Shishapangma: Mourning for four avalanche victims


The Chinese-Tibetan authorities have pulled the brakes. After two avalanches hit the summit zone of the eight-thousander Shishapangma on Saturday, they declared that “all climbing activities have been suspended in view of the unstable snow conditions on the mountain.” Apparently, this applies not only currently, but also for the rest of the fall season.

On Saturday, as reported, the US American Anna Gutu and her Nepalese mountain guide Mingmar Sherpa had died in a first avalanche. Their bodies had been found – unlike those of Gina Marie Rzucidlo, also from the U.S., and her Nepalese mountain guide Tenjen “Lama” Sherpa, who were swept away by another avalanche about two hours later. The search for the two missing people was suspended.

Mingma Gyalje Sherpa was able to descend on his own

Mingma Gyalje Sherpa

According to the Chinese news agency Xinhua, 52 climbers had been on their summit attempts at the time of the avalanches. Three injured Nepalese were taken to the base camp. Among them was Mingma Gyalje Sherpa, expedition leader and head of the operator Imagine Nepal. During the rescue operation, he fell about 150 meters and injured his head, shoulders and knees, Mingma wrote to me. However, he was able to descend on his own, he said.

Kristin Harila: “I can’t believe he’s gone”

Among the dead was Tenjen “Lama” Sherpa, a Nepalese mountain guide who had made headlines around the world earlier this year when he led Norwegian Kristin Harila to the summits of all 14 eight-thousanders in just 92 days – using the normal routes, bottled oxygen, further Sherpa support and helicopter operations to get from mountain to mountain as quickly as possible and drop off materials (and sometimes helpers) at high camps.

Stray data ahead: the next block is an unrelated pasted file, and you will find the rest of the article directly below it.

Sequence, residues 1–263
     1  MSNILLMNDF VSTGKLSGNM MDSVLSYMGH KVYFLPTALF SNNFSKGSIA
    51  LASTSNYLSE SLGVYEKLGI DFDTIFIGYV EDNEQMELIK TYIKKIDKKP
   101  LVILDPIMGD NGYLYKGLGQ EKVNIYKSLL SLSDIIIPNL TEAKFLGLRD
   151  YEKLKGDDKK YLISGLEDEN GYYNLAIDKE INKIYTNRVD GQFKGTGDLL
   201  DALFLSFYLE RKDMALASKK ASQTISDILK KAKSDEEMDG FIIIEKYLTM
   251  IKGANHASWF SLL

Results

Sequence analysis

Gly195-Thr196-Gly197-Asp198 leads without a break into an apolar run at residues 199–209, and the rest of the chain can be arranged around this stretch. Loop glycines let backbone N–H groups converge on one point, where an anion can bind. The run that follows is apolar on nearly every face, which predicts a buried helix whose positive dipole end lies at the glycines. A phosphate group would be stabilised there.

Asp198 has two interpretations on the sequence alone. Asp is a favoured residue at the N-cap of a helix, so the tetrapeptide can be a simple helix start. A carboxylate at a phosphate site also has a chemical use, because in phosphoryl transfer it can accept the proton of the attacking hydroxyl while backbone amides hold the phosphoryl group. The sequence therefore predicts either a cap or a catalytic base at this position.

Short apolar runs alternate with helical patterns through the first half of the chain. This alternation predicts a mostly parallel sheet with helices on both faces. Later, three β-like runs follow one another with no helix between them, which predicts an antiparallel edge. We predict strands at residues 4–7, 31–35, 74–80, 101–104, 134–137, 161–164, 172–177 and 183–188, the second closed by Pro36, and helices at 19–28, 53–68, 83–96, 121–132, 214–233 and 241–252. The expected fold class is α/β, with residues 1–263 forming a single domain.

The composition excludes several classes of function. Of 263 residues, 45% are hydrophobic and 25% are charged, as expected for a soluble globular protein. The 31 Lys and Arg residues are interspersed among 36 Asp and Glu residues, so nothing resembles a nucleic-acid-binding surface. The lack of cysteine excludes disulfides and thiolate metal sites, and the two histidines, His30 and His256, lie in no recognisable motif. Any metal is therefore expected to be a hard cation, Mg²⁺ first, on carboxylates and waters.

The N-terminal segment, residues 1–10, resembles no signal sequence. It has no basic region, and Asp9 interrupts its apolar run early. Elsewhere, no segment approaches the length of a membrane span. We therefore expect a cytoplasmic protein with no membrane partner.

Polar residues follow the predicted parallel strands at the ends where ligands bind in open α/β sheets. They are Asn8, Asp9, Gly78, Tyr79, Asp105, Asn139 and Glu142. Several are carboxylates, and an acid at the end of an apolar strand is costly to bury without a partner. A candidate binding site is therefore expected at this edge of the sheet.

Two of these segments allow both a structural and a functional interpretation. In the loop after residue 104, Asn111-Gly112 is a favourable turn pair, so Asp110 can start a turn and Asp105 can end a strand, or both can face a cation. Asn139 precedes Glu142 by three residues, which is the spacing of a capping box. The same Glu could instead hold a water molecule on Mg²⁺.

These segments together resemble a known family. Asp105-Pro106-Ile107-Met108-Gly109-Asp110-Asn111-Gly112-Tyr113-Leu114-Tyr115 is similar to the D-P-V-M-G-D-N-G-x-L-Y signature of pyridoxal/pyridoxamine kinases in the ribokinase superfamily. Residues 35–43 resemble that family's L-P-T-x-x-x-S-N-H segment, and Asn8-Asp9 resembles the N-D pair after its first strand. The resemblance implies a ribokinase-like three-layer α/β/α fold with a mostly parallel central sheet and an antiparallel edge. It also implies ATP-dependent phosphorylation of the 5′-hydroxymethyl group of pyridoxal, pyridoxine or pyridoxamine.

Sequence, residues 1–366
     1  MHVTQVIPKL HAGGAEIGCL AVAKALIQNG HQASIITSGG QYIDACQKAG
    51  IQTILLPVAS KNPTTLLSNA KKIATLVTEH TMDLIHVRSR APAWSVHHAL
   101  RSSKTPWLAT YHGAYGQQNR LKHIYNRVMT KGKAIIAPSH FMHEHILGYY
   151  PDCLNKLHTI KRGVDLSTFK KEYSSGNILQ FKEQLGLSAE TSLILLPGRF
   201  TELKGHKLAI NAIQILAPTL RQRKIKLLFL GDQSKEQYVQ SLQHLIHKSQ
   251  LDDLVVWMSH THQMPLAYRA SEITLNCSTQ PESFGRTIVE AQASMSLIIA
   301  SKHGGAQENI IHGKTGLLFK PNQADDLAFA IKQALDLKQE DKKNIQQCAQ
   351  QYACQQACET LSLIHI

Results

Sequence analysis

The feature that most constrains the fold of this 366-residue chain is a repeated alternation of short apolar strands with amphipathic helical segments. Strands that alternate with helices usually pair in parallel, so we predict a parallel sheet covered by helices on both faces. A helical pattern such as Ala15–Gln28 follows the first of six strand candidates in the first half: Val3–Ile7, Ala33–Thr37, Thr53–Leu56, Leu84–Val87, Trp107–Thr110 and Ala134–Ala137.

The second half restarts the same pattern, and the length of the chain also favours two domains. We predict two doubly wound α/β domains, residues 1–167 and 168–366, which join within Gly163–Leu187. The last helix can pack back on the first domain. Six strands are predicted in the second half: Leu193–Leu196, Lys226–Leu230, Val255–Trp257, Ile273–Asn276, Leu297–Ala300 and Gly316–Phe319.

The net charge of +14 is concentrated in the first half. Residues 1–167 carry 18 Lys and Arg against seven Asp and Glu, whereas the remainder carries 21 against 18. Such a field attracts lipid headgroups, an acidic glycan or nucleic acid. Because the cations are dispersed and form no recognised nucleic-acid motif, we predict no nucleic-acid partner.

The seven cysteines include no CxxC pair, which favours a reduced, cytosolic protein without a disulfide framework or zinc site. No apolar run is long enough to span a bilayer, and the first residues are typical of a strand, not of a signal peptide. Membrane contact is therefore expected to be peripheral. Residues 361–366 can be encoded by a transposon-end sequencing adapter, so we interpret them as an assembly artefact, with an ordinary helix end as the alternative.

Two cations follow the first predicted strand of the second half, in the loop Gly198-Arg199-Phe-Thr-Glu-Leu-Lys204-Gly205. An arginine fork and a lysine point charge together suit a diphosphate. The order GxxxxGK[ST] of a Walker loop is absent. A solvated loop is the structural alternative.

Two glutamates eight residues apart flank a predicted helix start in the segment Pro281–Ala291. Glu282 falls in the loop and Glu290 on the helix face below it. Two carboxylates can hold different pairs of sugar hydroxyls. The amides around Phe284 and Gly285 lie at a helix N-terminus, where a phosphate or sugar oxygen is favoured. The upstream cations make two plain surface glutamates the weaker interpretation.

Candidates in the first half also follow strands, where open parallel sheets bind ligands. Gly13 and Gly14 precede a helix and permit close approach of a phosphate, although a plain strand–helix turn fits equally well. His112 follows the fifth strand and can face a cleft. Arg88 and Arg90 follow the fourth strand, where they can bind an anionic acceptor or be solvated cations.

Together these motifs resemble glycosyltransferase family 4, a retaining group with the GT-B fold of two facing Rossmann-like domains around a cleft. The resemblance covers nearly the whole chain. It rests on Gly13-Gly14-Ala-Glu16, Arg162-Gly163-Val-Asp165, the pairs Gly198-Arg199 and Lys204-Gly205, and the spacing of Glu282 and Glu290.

Harila traveled to Kathmandu to be with the Tenjens family after the initial reports from Tibet. ” I can’t believe he is gone. Lama is the kindest and strongest sherpa I have ever met,” Harila stated. “I am devastated. I have lost a brother and a friend – and my compassion goes to his beloved family and his many friends in the mountaineering community.”

Ambition greater than prudence?


Shishapangma is the only eight-thousander that lies entirely within Tibetan territory. During the COVID-19 üandemic, like all mountains in Tibet, it had been closed to foreign climbers. For this fall, the authorities were late in issuing permits. Some eight-thousander “collectors” had wanted to take advantage of the opportunity. Among them were the two US-Americans Anna Gutu and Gina Marie Rzucidlo, who were only missing the 8027-meter-high Shishapangma, the lowest of the 14 eight-thousanders. If they had succeeded, they would have been the first women from the United States to stand on all eight-thousanders.

Was it really just fate, or were they possibly taking too big a risk so close to the finish? Gina Marie Rzucidlo and Tenjen Lama continued their ascent despite the first avalanche – allegedly on a different ascent route. Still, the question arises: why didn’t they all turn back after the first fatal accident? Was ambition greater than prudence? The expedition operators involved have not yet commented on what happened.

This is not the first avalanche accident on Shishapangma with a fatal outcome. In fall 2014, for example, the German Sebastian Haag and the Italian Andrea Zambaldi died in an avalanche in the summit zone. In fall 1999, U.S. climbers Alex Lowe and David Bridges were also killed in an avalanche on Shishapangma. A good 16 years later, in spring 2016, David Göttler and Ueli Steck found the remains of the two US climbers, who had been missing until then, in a melting glacier.

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